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372 THE ROLE OF REASON IN HUME'S THEORY OF BELIEF Much has been written on Hume's theory of belief, yet problems of interpretation remain as serious as ever. The most pervasive and persistent problem relates to the role reason plays in Hume's conception of belief. When Hume says that belief is a matter of feeling, does he mean to say that reason has nothing to do with it, or that belief is not a matter of choice? Does he imply that one cannot be blamed for believing as one does? The view that belief is unavoidable and not a matter of choice, and its implication, seem counter-intuitive, if not drastic. Are there grounds for attributing such a view to Hume? There is indeed a tendency to interpret Hume as saying that reason plays no role, not just in the moral sphere, but in the understanding as well. Thus, Barry Stroud claims that "in Hume's hands the denigration of the role of reason and the corresponding elevation of feeling and sentiment is generalized into a total theory of man." Elsewhere I have argued against this view insofar as it relates 2 to Hume's moral theory. But the dismay at Hume's (alleged) denigration of reason is even greater in the case of belief. For instance, Antony Flew considers Hume's view that belief is "a species of natural instincts, which no reason or process of the thought and understanding is able either to produce or to prevent" as a "drastic and disastrous conclusion." According to Flew, one drastic and disastrous consequence of such a view is that "insofar as belief really is necessary and unavoidable we can neither criticize others for the irrationality of their convictions nor retain any 4 confidence about the rationality of our own." 373 In a more sympathetic reading of Hume, J. A. Passmore has cited evidence to show that Hume acknowledges that belief can be a matter of choice, 5 and thus there can be an ethics of belief. However, in doing so Passmore presents an inconsistency in Hume's view of belief, and does nothing to account for this inconsistency. Barbara Winters also sees inconsistencies, or paradoxes, in Hume's treatment, not only within Book I of the Treatise, but also between it and the other two Books (and between the Enquiries) . Her resolution of the paradox is the suggestion that there are two conceptions of reason in Hume, the "traditional" and the "naturalistic," the former "plays no role in our acquisition of fundamental beliefs," and the latter is such that we do indeed "arrive at our beliefs through reasoning." In this paper I wish to argue that there are no inconsistencies, or paradoxes, in Hume's treatment of belief, and that his view is neither drastic nor disastrous. I wish to show that there is no 'denigration' of reason, " and that while belief is a matter of feeling, it is also, to an important degree, a matter of choice. In promoting the "undoubted truth, that belief is nothing but a peculiar feeling," Hume does write in such a way as to encourage the interpretation that he subordinates the role of reason to feelings (or sentiments, or passions), or worse, that he denigrates the role of reason. He tells us that belief is not "some new idea, such as that of reality or existence, which we join to the simple conception of an object" (T 623). If it were, "it wou'd be in a man's power to believe what he 374 pleas 'd" (T 624), as the mind can mix or join any two ideas. Hume tells us that we can easily "discover by experiments" that belief "arises immediately, without any new operation of the reason or imagination" (T 102). The widely quoted sentence is the following: "When the mind . . . passes from the idea or impression of one object to the idea or belief of another, it is not determin'd by reason..." (T 92). These and other statements clearly encourage the interpretation that belief does not arise from reason, or indeed that reason has nothing to do with belief. Depending on how far one sees the...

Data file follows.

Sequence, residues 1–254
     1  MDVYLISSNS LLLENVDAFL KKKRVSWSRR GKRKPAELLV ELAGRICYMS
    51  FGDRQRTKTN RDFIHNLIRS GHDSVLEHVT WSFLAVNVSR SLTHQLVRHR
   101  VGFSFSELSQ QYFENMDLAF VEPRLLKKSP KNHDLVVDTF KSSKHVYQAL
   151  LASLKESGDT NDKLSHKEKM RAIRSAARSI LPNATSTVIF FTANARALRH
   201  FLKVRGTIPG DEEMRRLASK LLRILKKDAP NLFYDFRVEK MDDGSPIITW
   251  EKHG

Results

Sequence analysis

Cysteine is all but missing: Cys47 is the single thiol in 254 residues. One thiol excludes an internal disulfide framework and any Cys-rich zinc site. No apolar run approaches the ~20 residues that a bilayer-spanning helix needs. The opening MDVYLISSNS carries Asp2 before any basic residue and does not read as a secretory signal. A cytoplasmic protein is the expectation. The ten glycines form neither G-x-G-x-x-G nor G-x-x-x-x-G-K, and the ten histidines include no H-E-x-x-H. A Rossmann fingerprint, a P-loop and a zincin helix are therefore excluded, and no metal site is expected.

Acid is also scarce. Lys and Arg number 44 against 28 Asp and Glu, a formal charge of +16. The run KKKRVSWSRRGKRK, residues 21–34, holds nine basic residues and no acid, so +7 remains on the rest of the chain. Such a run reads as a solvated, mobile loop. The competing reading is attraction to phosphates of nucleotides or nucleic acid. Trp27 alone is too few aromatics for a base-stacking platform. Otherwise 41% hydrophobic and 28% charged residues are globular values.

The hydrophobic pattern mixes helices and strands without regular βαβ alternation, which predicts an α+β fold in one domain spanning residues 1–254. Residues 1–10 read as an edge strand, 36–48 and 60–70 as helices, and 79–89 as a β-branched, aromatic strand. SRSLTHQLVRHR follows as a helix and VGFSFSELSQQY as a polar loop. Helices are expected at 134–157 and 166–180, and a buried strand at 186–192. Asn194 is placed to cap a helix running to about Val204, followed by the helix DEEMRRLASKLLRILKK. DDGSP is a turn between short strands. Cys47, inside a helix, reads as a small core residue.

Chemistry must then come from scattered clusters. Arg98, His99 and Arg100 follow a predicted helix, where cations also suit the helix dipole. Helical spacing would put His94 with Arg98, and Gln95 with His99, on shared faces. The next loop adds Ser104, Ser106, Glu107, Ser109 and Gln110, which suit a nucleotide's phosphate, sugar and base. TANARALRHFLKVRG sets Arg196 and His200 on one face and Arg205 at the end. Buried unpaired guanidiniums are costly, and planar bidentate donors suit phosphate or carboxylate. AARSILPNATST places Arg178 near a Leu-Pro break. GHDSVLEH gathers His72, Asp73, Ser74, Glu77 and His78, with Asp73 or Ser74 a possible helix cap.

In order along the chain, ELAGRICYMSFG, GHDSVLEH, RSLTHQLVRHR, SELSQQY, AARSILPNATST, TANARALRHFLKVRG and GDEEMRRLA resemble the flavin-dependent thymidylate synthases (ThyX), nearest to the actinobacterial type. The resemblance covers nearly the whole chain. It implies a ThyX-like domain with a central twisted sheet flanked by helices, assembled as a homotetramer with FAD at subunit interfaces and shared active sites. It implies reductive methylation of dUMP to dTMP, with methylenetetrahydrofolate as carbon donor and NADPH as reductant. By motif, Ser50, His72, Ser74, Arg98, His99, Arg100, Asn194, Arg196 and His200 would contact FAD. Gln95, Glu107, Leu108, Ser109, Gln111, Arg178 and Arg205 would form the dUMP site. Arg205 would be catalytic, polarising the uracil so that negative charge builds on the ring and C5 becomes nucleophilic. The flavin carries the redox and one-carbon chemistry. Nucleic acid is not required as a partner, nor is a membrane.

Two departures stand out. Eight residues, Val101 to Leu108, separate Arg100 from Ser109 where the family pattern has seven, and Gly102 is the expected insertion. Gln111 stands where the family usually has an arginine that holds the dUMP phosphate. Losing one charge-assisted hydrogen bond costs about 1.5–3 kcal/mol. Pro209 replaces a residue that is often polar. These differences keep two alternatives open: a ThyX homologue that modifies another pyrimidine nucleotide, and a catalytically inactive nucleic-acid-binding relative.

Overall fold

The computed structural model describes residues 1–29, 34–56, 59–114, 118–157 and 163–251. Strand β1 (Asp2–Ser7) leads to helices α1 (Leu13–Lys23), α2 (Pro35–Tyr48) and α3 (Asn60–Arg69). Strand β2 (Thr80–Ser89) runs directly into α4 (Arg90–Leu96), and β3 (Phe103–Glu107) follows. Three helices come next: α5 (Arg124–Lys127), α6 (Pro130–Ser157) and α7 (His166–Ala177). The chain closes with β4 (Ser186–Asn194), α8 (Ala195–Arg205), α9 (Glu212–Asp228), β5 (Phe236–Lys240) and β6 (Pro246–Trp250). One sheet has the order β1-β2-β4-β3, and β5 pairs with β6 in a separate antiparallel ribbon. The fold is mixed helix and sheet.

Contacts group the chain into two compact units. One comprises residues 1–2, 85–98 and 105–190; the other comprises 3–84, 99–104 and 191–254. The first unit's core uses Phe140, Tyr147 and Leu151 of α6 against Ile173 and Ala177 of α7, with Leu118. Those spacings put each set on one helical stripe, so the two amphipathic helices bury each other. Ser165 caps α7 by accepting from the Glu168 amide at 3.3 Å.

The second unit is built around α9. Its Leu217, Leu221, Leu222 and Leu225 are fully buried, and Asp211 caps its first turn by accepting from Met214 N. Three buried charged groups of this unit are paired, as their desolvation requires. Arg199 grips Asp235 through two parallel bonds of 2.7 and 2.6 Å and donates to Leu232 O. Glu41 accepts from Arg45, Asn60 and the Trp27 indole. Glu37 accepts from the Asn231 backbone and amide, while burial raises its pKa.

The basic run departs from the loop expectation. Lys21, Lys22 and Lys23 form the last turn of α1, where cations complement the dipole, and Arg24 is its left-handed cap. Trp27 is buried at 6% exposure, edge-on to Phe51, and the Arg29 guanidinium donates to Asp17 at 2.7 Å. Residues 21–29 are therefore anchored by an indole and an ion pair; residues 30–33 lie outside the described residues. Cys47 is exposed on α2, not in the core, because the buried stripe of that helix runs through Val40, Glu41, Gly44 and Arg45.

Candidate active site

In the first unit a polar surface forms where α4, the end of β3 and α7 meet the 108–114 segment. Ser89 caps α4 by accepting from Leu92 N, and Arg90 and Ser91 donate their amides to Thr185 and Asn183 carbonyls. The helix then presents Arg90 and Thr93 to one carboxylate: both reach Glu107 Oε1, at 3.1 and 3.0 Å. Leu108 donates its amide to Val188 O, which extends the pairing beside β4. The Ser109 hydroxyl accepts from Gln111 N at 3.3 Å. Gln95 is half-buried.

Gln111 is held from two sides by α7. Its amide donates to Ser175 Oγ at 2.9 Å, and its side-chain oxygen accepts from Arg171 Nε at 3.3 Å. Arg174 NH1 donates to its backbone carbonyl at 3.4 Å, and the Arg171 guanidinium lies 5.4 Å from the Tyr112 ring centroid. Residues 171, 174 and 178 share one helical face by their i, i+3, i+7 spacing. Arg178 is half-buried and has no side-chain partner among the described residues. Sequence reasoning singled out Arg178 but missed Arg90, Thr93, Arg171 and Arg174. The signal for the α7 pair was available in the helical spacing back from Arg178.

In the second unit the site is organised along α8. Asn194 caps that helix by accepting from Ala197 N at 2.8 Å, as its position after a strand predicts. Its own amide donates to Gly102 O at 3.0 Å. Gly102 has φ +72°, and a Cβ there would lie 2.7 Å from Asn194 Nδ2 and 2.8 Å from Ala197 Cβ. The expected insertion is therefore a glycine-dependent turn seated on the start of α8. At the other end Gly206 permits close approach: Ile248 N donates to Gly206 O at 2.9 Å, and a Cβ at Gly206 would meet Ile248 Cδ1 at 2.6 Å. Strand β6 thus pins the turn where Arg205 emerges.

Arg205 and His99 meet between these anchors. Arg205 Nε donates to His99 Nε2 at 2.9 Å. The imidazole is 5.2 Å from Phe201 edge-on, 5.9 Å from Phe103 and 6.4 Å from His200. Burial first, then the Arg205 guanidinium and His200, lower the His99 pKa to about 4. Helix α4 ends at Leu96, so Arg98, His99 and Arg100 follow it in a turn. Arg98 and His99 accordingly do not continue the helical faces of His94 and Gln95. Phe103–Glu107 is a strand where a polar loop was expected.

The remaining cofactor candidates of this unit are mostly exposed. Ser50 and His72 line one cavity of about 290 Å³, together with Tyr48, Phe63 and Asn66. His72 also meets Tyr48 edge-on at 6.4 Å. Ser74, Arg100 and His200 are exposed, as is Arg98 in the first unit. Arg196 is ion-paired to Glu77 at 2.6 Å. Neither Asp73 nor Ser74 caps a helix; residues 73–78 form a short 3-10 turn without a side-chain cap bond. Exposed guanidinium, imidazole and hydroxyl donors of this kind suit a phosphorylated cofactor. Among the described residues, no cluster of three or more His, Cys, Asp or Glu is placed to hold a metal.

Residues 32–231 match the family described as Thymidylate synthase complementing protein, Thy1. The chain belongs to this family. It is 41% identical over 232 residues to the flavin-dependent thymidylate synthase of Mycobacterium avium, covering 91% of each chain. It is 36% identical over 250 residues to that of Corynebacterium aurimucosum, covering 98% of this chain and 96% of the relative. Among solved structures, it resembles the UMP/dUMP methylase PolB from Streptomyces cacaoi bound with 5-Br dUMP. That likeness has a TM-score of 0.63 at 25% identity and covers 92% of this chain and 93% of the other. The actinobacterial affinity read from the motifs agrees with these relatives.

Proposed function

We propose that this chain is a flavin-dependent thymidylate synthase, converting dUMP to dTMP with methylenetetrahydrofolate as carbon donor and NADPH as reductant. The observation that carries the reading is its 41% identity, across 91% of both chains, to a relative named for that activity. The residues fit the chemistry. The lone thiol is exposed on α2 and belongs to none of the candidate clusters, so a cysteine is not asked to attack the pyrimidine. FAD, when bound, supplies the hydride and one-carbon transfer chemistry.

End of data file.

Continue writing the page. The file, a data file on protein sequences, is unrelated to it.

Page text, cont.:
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Additional Information

ISSN
1947-9921
Print ISSN
0319-7336
Pages
pp. 372-389
Launched on MUSE
2011-01-26
Open Access
No
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